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This last year I’ve been doing a lot of volunteer work. A *lot* of… - Tactical Ninja

Mar. 16th, 2017

10:25 am

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This last year I’ve been doing a lot of volunteer work. A *lot* of it. Like, up to 20 hours a week of it.

First, there’s the harm reduction stuff. It’s getting a lot of traction, we have support from some agencies with budgets, and we attended 8 events this season. This is an 800% increase on previous years, and gives us enough data to do something really interesting with, both academically and politically. This is awesome, but it’s also a lot of work. There isn’t just the data and the writing up to deal with, there’s the setting up of an entity that allows the work to scale, collating all our support into a single point of contact, developing processes and induction for our volunteer base, advocacy work, and furthering the long term strategy (changing the law).

The cool thing about this work is that without fail, everyone who finds out about it is positive. People go out of their way to tell me how great they think it is, how much they admire what we’re doing, and how wonderful they think we are for our efforts. It’s very validating. I mean, I’m sure there are people who disagree with what we’re doing and I’m seeking them out so that we can assess how to approach changing their minds – but in my experience, the response has been universally positive and supportive.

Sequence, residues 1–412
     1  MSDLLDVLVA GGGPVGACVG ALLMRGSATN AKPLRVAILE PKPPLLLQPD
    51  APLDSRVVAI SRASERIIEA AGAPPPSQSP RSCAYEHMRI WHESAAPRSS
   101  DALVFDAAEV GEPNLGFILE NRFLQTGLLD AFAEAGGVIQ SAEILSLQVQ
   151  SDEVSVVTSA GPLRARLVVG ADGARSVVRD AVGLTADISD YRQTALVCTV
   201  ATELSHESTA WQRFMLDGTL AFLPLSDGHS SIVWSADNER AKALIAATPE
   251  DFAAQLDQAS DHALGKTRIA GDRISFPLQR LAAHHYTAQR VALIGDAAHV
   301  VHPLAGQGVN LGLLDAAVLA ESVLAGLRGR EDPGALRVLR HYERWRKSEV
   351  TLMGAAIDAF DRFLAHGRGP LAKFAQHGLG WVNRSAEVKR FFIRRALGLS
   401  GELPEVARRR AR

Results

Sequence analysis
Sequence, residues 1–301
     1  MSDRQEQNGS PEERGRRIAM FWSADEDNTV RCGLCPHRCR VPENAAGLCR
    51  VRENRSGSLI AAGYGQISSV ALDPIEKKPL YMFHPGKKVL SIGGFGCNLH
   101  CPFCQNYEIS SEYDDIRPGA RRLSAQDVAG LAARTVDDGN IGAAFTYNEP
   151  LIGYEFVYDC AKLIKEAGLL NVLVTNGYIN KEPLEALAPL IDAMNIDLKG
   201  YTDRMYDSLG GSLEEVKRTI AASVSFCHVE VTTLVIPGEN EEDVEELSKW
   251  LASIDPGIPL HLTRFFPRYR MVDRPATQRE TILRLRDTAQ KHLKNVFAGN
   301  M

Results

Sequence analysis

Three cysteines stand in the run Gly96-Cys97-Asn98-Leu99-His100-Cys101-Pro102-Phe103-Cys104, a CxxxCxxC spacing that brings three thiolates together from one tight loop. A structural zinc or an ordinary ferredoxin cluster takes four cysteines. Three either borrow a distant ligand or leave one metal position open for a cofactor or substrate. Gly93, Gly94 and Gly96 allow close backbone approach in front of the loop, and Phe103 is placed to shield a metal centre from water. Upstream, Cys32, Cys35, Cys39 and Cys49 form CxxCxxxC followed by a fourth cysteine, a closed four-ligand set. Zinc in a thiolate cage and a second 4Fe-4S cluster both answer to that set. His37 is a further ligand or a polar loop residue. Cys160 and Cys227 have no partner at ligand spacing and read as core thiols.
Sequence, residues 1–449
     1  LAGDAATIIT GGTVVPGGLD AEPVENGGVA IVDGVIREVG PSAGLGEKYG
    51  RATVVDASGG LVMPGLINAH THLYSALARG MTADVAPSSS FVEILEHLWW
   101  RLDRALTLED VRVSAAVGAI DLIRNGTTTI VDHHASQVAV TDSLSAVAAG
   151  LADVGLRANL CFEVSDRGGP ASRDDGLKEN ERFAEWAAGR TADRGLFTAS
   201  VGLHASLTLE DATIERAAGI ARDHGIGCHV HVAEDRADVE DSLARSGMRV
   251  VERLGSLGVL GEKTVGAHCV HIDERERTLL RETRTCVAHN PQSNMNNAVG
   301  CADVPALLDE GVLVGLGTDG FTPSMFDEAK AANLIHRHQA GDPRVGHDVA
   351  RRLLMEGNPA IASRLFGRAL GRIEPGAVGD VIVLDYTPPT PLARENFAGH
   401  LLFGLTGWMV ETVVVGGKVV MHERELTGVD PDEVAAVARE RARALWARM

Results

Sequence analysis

Contrast this with my other volunteer work, for Kiwiburn. When I took it on I said I’d do it for three years and I have. It’s been a productive three years for the event, starting with a restructure and continuing with the development of process and job related paperwork (not a lot of which existed prior and which has felt a lot like pulling teeth since nobody’s keen to spend their vollie time writing process documentation). Last year was particularly tough with a review by NZ’s state health and safety agency, a mass exodus of Operations volunteers and replacing them, and a number of unprecedented spanners-in-the-works that required delicate handling and weren’t ever going to have a friendly outcome for me personally. And then there was the bit where in order to have an event at all, we had to have a volunteer drive, 3 days into which the Volunteer Coordinator quit and I’ve been doing that ever since too. On top of Chairing the ExCom which mostly involves trying to facilitate a group of opinionated people to some kind of constructive consensus on some really tough decisions, again and again and again. Essentially, I worked my arse off for Kiwiburn last year.